Spent time these past weeks reading news stories about people who have lots of things in their lives, but can’t necessarily pay their rent, buy food or pay needed bills. Depending on family, friends or public assistance to help pay for the necessities is hard when you work, and you think you should be able to afford to live in a decent place, and put food on your table for yourself and your family.
How did we get here? How did we get to where paying your rent and utilities and buying food is harder than purchasing a new TV or a new smartphone?
It shouldn’t be this way. Really, there’s a major disconnect between the necessary costs of life and the wants that pop up because of our monetized advertised capitalist world. It boggles my mind when I go to the grocery store and see that fresh greens for a salad cost more than potato chips or soda. Or I look at the internet connection bill and wonder where all my monthly fees are going. Do you ever look at the find print on bills? The legalese sometimes makes my head hurt.
Most people need to work to support themselves. But today’s economy leaves very little room to move and change things. If you want to pay one bill you might have to put off paying another, or pay it partially. Or you want to do something – like go to the movies – which is fun, relaxing and enjoyable – but then you don’t have money for decent food so you buy junk to eat. Or no food at all.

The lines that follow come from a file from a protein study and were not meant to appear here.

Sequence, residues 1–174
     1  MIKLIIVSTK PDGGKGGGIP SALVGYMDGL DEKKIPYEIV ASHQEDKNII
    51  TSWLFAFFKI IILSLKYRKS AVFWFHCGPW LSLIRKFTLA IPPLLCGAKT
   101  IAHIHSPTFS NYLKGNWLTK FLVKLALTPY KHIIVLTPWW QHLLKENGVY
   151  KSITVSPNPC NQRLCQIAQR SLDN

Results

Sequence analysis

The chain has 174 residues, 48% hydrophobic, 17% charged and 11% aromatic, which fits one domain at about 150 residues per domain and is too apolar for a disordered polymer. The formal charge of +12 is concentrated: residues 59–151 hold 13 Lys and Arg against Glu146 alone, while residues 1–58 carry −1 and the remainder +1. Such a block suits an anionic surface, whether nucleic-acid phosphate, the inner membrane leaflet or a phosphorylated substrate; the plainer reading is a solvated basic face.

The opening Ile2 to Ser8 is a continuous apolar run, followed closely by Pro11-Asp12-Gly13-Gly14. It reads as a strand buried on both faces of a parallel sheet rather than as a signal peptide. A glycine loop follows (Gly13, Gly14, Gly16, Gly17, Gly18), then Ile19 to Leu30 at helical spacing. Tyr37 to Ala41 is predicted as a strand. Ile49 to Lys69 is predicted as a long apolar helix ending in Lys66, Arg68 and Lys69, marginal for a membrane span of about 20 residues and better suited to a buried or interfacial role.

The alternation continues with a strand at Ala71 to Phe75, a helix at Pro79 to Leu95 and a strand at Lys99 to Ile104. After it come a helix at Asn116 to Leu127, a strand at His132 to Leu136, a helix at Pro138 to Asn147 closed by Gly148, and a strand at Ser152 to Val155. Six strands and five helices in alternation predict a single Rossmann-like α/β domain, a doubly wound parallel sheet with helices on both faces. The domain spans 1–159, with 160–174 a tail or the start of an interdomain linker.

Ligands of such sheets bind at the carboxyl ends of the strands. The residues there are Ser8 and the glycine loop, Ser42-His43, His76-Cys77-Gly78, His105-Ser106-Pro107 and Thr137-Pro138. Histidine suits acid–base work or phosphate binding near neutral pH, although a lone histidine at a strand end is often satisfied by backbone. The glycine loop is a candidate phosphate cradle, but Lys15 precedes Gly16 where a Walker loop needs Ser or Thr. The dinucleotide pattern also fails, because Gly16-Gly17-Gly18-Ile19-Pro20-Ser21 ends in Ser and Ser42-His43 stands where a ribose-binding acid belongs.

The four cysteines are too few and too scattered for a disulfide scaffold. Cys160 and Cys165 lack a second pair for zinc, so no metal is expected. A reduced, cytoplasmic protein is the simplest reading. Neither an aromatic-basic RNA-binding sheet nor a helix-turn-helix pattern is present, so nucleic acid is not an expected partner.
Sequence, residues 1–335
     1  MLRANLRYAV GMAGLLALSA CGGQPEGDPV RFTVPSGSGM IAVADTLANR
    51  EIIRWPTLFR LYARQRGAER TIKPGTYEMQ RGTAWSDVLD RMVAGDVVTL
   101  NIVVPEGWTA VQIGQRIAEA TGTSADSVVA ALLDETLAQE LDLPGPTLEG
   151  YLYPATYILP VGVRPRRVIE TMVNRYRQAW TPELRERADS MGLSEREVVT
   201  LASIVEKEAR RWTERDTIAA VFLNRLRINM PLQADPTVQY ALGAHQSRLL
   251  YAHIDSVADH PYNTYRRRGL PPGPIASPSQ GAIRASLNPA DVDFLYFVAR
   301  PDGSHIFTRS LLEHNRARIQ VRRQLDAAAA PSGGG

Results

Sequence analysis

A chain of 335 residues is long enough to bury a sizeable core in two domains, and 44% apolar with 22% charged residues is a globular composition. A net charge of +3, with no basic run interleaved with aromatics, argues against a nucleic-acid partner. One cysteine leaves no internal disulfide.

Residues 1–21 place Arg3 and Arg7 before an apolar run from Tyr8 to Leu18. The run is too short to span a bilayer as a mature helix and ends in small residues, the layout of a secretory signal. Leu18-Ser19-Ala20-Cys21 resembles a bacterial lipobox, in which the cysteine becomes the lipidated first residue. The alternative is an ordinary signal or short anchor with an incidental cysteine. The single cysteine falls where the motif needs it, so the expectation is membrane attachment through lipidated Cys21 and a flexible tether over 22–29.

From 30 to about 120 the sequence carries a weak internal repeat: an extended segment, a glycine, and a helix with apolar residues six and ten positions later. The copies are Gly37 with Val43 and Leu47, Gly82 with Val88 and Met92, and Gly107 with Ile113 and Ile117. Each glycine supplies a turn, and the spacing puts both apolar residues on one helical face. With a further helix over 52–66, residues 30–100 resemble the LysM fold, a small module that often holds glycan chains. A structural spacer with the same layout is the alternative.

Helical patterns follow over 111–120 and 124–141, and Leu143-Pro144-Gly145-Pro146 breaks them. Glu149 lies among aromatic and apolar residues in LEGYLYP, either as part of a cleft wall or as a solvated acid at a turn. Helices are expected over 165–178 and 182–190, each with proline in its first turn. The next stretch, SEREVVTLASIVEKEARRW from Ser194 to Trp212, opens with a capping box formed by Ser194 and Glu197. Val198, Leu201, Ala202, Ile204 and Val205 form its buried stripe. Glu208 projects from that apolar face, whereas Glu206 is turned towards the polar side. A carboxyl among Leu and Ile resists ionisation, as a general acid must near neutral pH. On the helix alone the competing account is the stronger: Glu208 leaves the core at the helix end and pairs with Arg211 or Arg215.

You might have a decent job, but nearby housing is expensive – too much for your budget, so you take a place further away. This adds commute time, commuting costs and sometimes costs you needed rest time. And the commuting time takes away from time you should spend with your family, doing things like eating a decent dinner and helping with homework and house chores.
None of the ways I look at the costs of living are adding up. Food costs are soaring, housing costs are high in areas that are closer to good jobs. Commuting costs are going up because infrastructure maintenance has to be done and costs are passed onto commuters. Yet even good jobs are paying less than the costs of living, and not taking into account all the costs we carry long term – college tuition, car loans, medical payments. We pay and pay, and necessities wait until we get a little ahead, whereupon we are immediately thrown back into scrambling.
I am looking at my monthly bills today. And my stomach hurts.